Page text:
Many children and teens are diagnosed with this common dental condition.
You may have heard people say they had an impacted tooth when they were younger. But what does that actually mean?
An impacted tooth is any tooth (not just wisdom teeth) that hasn't erupted (come in) where it isn’t supposed to.
Teeth can be impacted for many reasons. A child's mouth may be too small for the adult teeth to come in where they are supposed to. Sometimes a tooth just grows in a different direction. We don't always know exactly what causes an impacted tooth, but we do know that genetics can play a role. So, if you or your parents had an impacted tooth, there is a higher chance that your child may develop one too.
In children, an impacted tooth usually occurs when a baby tooth is lost, but the surrounding teeth are blocking the path for the new tooth to come through the gum. Or, if a baby tooth doesn't fall out when it is supposed to, the permanent tooth may start to shift inside the gum and grow sideways.
In teens and young adults, wisdom teeth can become impacted if there isn't enough room for them in the jaw. Because a person's wisdom teeth develop later than the other teeth, there is a more substantial risk of them growing sideways. Some wisdom teeth develop completely on their sides!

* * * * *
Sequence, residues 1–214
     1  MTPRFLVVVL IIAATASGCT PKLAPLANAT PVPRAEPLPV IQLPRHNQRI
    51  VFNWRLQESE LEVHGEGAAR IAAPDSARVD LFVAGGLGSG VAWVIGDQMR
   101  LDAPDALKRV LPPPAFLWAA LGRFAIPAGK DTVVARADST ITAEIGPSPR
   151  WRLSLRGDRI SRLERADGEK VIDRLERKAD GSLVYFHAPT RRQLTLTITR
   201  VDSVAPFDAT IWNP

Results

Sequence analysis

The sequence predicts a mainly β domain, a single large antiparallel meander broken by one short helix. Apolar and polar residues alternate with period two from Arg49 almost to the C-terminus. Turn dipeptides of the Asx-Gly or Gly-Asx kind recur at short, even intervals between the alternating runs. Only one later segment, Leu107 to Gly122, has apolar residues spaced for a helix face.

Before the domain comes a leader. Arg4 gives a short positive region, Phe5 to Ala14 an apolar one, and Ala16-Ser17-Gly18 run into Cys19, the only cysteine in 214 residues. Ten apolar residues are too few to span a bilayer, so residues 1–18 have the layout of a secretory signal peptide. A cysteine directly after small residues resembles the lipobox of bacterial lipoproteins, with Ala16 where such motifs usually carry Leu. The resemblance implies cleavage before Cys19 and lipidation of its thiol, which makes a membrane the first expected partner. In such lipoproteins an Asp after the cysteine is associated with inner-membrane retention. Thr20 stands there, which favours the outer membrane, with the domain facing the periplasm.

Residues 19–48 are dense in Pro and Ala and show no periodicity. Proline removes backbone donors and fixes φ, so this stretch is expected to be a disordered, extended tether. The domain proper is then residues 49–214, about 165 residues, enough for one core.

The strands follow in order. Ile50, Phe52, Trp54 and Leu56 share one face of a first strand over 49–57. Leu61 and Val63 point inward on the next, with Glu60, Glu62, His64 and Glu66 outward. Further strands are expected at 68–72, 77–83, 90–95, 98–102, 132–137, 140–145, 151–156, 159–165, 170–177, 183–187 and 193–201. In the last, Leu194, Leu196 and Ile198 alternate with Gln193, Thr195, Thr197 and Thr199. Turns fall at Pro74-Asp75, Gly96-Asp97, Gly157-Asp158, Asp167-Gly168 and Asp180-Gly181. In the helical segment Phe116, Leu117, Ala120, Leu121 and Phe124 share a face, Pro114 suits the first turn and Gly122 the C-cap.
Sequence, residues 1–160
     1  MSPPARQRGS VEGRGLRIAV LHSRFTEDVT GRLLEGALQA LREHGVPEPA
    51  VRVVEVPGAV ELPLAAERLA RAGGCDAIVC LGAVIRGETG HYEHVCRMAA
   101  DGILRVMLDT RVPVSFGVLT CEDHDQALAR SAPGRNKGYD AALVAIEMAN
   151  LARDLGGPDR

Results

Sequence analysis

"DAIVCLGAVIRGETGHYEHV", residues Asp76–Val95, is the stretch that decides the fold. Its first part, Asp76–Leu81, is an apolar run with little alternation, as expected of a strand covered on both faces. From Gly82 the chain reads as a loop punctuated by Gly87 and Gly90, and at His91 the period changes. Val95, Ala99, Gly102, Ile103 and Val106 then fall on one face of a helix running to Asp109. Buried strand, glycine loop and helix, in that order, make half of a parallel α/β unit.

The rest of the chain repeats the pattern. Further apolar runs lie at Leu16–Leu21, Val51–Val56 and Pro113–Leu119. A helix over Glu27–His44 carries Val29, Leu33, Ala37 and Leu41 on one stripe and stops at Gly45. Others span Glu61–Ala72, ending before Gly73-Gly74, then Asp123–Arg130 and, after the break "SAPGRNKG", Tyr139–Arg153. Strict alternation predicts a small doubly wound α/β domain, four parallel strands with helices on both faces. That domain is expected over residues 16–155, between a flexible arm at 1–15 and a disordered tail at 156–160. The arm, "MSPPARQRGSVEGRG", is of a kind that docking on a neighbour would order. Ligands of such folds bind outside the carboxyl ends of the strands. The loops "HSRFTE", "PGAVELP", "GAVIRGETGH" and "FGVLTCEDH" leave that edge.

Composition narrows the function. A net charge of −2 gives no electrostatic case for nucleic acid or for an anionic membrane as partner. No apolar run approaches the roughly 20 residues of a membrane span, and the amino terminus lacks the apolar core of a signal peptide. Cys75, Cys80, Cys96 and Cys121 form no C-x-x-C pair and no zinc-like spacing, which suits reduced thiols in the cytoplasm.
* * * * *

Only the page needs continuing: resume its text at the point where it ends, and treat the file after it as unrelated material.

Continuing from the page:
Impacted teeth can cause tooth crowding from trying to wedge themselves into place. This could cause your child pain while chewing or lead to speech problems. Impacted teeth can even damage the roots of surrounding teeth. Due to the constant pressure from an impacted tooth, the roots of the surrounding teeth may begin to gradually break down or resorb. If left untreated, this could cause periodontal problems and eventual bone loss.
Depending on the severity of the impaction and the number of teeth involved, the course of treatment can vary. If a baby tooth is blocking a permanent tooth's path, it may require a simple extraction. Sometimes orthodontic therapy (braces) is necessary to fix the crowding. If several teeth are involved, extractions combined with braces may be suggested. Sometimes a device called a palatal expander is used to create more room and prevent any teeth from being removed. In extreme cases, orthognathic surgery, (also called corrective jaw surgery), may be performed to widen the jaw.
If impacted wisdom teeth are not removed, they can threaten the roots of the surrounding molars and may cause pain. An impacted wisdom tooth can also partially erupt above the gum. Extraction may also be recommended to prevent infection because it can be challenging to keep partially erupted wisdom teeth clean.
An impacted tooth may not necessarily be a cause for alarm.
There are more treatment options available the earlier an impacted tooth is caught. Routine visits with your child or teen’s dentist can help catch and prevent any issues before they become a problem.